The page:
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From The CriticsReviewer: Michael R Jacobs, BS, PharmD (Temple University School of Pharmacy)
Description: This is the second edition of a book, first published in 2004, that provides an overview of how drugs are discovered and the path that a compound takes on its way to final approval for human use. Each chapter contains a case study, review questions and answers, and a summary of important points. The book includes a number of "exhibits" designed to expand and clarify specific issues to assist readers by providing a context or application for the information in certain sections. The exhibits vary substantially in meeting this goal. Also included are nine appendixes, a list of acronyms, a glossary, and an index.
Purpose: While the objective of providing an overview of the drug approval process is worthy, it is also a monumental undertaking. The breadth of topics covered is substantial and includes the basics of drug-receptor interactions, small and large molecule drug discovery, preclinical testing, clinical trials, regulatory issues, and good manufacturing practices. Volumes have been written on each of these topics; consequently the depth to which they are covered in this book is limited. Even so, the author has provided the promised overview.
Audience: The book is intended for academic and industry researchers and healthcare policy makers, as well as students in the health professions. It may be most useful for individuals unfamiliar with the complexities of the drug development process and those who may work in the pharmaceutical industry who would like to understand the challenges outside of their own area of expertise. The author has over 25 years of experience in the pharmaceutical industry in managerial positions.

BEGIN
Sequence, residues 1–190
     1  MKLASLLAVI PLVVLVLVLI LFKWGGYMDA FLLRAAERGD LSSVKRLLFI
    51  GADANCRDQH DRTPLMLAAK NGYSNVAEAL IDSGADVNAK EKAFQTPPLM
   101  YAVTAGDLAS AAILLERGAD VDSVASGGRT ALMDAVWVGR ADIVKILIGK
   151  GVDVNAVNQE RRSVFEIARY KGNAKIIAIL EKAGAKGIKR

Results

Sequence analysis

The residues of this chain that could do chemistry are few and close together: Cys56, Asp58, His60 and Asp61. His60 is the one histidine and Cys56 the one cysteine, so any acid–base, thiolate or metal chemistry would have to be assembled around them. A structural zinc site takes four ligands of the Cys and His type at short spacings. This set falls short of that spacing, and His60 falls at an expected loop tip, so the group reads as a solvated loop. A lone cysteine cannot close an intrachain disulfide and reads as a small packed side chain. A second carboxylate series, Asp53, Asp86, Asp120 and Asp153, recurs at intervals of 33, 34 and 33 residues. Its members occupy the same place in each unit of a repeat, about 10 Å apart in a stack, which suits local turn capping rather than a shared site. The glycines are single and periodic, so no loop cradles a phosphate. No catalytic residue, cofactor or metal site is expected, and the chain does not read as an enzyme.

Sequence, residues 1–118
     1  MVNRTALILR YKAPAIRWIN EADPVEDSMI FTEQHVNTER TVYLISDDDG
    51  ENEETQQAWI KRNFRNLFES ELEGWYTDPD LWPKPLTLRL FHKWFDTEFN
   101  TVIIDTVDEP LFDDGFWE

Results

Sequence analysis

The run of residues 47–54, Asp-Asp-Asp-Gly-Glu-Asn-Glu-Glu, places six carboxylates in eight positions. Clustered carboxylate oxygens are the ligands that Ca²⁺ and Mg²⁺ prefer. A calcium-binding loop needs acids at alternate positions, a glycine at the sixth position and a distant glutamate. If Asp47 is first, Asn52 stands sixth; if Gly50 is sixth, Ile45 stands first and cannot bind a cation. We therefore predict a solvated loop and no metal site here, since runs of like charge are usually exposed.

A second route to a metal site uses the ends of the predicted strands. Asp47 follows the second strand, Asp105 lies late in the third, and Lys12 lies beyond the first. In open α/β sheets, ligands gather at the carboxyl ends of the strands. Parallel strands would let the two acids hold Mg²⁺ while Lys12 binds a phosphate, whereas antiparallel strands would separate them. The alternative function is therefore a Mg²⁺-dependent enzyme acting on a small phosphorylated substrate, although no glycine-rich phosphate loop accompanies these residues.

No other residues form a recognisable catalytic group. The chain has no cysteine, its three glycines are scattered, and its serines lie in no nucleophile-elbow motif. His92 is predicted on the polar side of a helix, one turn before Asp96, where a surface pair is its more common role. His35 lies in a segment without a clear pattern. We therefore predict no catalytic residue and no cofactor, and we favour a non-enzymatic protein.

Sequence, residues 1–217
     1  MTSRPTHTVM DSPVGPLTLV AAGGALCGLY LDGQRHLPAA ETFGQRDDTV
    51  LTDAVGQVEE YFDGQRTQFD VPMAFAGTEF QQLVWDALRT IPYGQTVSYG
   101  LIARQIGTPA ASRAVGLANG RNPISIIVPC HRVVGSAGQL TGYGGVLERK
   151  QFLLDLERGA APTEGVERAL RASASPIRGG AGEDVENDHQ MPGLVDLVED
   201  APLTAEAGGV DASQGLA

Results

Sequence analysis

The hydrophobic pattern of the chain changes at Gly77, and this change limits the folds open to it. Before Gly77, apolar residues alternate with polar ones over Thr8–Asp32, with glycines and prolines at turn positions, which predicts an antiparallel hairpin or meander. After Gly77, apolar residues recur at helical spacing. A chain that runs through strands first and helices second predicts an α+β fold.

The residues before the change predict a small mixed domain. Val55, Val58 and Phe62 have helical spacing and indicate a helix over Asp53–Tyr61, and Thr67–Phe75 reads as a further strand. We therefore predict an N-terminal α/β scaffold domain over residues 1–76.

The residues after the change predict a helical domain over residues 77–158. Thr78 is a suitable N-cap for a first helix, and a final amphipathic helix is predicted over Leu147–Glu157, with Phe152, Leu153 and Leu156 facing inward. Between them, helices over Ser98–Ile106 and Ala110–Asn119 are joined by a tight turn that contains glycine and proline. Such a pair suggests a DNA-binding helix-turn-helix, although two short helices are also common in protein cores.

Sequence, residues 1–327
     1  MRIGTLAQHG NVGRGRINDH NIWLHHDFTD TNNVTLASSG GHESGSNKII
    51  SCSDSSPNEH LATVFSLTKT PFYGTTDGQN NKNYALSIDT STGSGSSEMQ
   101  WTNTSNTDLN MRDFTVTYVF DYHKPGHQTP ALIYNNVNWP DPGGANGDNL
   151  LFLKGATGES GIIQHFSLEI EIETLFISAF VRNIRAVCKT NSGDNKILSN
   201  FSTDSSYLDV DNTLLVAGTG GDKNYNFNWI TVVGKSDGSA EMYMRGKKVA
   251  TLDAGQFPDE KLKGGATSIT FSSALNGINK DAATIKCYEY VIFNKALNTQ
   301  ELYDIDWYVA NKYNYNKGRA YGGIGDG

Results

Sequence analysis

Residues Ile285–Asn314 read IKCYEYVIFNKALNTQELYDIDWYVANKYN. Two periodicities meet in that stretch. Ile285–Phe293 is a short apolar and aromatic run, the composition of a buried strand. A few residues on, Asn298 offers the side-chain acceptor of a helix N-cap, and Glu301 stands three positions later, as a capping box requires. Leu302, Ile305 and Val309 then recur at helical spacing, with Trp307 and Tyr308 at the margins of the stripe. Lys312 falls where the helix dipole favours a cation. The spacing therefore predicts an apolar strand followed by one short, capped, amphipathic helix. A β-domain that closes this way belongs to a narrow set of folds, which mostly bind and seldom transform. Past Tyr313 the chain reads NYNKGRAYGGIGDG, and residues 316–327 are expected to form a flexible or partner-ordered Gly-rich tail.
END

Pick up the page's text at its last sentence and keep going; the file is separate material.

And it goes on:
Features: The book lays the groundwork with the basics of drug-receptor interactions and brief discussions of potential drug targets such as various enzymes. Thereafter, animal studies and other preclinical testing are described, followed by a review of the various phases of human trials. Regulatory authorities (i.e. the ministries and agencies that regulate drug development) and regulatory applications (how drugs are approved) are addressed in two separate chapters and might have been combined. The information provided about regulatory authorities is somewhat unbalanced, with nearly four pages devoted to the U.S. FDA while the Canadian system, Health Canada, is covered in a single paragraph. The glossary has fewer than 100 entries and it is unclear why some were selected for inclusion (such as otitis media and re-stenosis), which have little to do with the general drug discovery process itself. The nine appendixes vary considerably in their relevance to the drug development process. For example, one appendix contains 27 "selected" drugs, their class, and mechanisms of action. In this section, antagonist and blocker are used interchangeably, and the mechanisms of action are not always very descriptive ("diazepam acts as a central nervous system depressant"). Furthermore, some of the information is duplicated in Table 2.4. The general biomarkers appendix lists common laboratory tests, which does not reflect the current use of this phrase, and the acronyms do not always relate to drug development (e.g. TM = traditional medicine and IOC = International Olympic Committee). The book contains more misspellings than I am accustomed to seeing, inconsistencies in the information presented (figures depicting drug movement through the body), oversimplification of some concepts (time-concentration curves), and some misinformation (albuterol described as a beta-2 antagonist).
Assessment: The author took on a substantial challenge in writing this book. Several books would be required to cover the breadth of material available here. However, it does serve the purpose of revealing to those outside of the pharmaceutical industry the complexities of bringing a drug to market. Those more familiar with drug development may find only certain chapters outside of their area of expertise to be useful. Rapid changes in drug development technology support the need for a second edition.